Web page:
In the 18th century, Saint Dominigue, as Haiti was then known, became France’s wealthiest overseas colony, largely because of its production of sugar, coffee, indigo, and cotton generated by an enslaved labor force.  When the French Revolution broke out in 1789 there were five distinct sets of interest groups in the colony. There were white planters—who owned the plantations and the slaves—and petit blancs, who were artisans, shop keepers and teachers.  Some of them also owned a few slaves.  Together they numbered 40,000 of the colony’s residents.  Many of the whites on Saint Dominigue began to support an independence movement that began when France imposed steep tariffs on the items imported into the colony.  The planters were extremely disenchanted with France because they were forbidden to trade with any other nation.  Furthermore, the white population of Saint-Dominique did not have any representation in France.  Despite their calls for independence, both the planters and petit blancs remained committed to the institution of slavery. The three remaining groups were of African descent: those who were free, those who were slaves, and those who had run away. There were about 30,000 free black people in 1789.  Half of them were mulatto and often they were wealthier than the petit blancs. The slave population was close to 500,000. The runaway slaves were called maroons; they had retreated deep into the mountains of Saint Dominigue and lived off subsistence farming.  Haiti had a history of slave rebellions; the slaves were never willing to submit to their status and with their strength in numbers (10 to 1) colonial officials and planters did all that was possible to control them. Despite the harshness and cruelty of Saint Dominigue slavery, there were slave rebellions before 1791.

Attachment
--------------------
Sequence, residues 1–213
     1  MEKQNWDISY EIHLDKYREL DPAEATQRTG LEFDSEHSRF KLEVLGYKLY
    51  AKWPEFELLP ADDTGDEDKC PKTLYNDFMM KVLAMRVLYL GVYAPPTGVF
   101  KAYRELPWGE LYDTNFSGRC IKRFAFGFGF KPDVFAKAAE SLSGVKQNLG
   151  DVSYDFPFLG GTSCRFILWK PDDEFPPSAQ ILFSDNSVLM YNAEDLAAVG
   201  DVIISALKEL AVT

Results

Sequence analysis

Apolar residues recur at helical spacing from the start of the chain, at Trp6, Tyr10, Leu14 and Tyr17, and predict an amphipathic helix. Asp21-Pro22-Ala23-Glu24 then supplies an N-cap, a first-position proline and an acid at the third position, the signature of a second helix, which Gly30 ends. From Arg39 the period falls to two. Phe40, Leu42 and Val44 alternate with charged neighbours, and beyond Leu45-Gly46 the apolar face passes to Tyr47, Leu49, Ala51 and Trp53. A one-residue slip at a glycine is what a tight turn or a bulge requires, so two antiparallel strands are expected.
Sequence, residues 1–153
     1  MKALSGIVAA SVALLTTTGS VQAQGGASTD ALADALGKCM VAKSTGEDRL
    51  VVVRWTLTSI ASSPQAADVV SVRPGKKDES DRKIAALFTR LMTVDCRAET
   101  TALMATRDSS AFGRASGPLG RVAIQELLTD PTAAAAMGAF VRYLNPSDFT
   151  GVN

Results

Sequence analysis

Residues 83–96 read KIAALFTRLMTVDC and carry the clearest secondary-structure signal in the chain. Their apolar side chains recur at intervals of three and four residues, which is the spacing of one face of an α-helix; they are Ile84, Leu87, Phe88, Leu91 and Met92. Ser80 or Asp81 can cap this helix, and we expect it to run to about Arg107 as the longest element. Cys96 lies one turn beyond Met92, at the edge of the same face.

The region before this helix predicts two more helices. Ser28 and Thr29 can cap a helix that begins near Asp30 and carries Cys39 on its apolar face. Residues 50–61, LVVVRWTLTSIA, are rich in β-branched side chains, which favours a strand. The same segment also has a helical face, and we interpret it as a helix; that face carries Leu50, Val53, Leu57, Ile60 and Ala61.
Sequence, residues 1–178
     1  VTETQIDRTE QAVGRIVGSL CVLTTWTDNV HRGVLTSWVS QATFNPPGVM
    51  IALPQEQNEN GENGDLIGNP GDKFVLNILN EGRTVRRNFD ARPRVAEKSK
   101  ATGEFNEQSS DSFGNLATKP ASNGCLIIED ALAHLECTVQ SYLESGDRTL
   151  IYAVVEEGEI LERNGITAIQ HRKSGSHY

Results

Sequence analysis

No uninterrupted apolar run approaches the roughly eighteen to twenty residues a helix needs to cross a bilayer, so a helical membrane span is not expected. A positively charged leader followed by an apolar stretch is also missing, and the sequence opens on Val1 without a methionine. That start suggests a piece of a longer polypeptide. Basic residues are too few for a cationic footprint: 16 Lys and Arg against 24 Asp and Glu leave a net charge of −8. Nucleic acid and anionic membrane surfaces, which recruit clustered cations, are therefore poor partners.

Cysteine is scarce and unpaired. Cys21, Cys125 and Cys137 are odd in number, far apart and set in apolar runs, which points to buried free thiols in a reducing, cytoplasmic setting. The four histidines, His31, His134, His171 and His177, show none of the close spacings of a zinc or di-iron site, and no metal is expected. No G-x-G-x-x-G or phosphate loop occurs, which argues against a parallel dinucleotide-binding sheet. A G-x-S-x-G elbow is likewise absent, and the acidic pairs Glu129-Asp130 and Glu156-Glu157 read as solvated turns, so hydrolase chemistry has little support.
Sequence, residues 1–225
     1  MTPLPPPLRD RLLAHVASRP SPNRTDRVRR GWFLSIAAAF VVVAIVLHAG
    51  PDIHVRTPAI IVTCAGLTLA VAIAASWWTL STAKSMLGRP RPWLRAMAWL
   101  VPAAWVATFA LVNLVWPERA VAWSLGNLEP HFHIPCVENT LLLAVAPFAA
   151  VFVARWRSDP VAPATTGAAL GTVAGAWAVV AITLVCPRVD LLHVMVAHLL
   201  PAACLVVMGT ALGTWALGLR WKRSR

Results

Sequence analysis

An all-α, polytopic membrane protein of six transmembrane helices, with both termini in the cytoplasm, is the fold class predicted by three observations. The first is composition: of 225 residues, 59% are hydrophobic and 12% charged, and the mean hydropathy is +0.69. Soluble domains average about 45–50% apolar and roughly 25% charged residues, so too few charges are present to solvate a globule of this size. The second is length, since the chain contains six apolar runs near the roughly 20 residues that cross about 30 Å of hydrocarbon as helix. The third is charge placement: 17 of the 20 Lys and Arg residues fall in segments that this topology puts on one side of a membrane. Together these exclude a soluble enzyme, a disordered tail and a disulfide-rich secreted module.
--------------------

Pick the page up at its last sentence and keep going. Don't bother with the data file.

Led by former slave Toussaint l’Overture, the enslaved would act first, rebelling against the planters on August 21, 1791. By 1792 they controlled a third of the island.  Despite reinforcements from France, the area of the colony held by the rebels grew as did the violence on both sides.  Before the fighting ended 100,000 of the 500,000 blacks and 24,000 of the 40,000 whites were killed.  Nonetheless the former slaves managed to stave off both the French forces and the British who arrived in 1793 to conquer the colony, and who withdrew in 1798 after a series of defeats by l’Overture’s forces.  By 1801 l’Overture expanded the revolution beyond Haiti, conquering the neighboring Spanish colony of Santo Domingo (present-day Dominican Republic).  He abolished slavery in the Spanish-speaking colony and declared himself Governor-General for life over the entire island of Hispaniola.

Aerial view of La Citadelle Laferriere

It recent times Haiti has been largely under US control and tutelage since Wilson’s marines invaded 80 years ago.

By now the country is in such a catastrophic state that it may uninhabitable in the not too distant future. What was once rich has now been stripped. The people of Haiti live in abject poverty as the natural resources of their country have been taken by private business in collusion with government, under the guise of ‘free trade’ and Globalisation. Most of these workers are women who suffer under a regime which cannot invest in social objectives because it has received loans which prescribe the minimization of services such as employee rights, health and education.

differences in haiti landscape with graphics haiti

Now I know this is not Uganda. The Pearl is lush but steadily we are cutting down our trees to feed an urban population and who knows what is happening behind closed doors and under the table.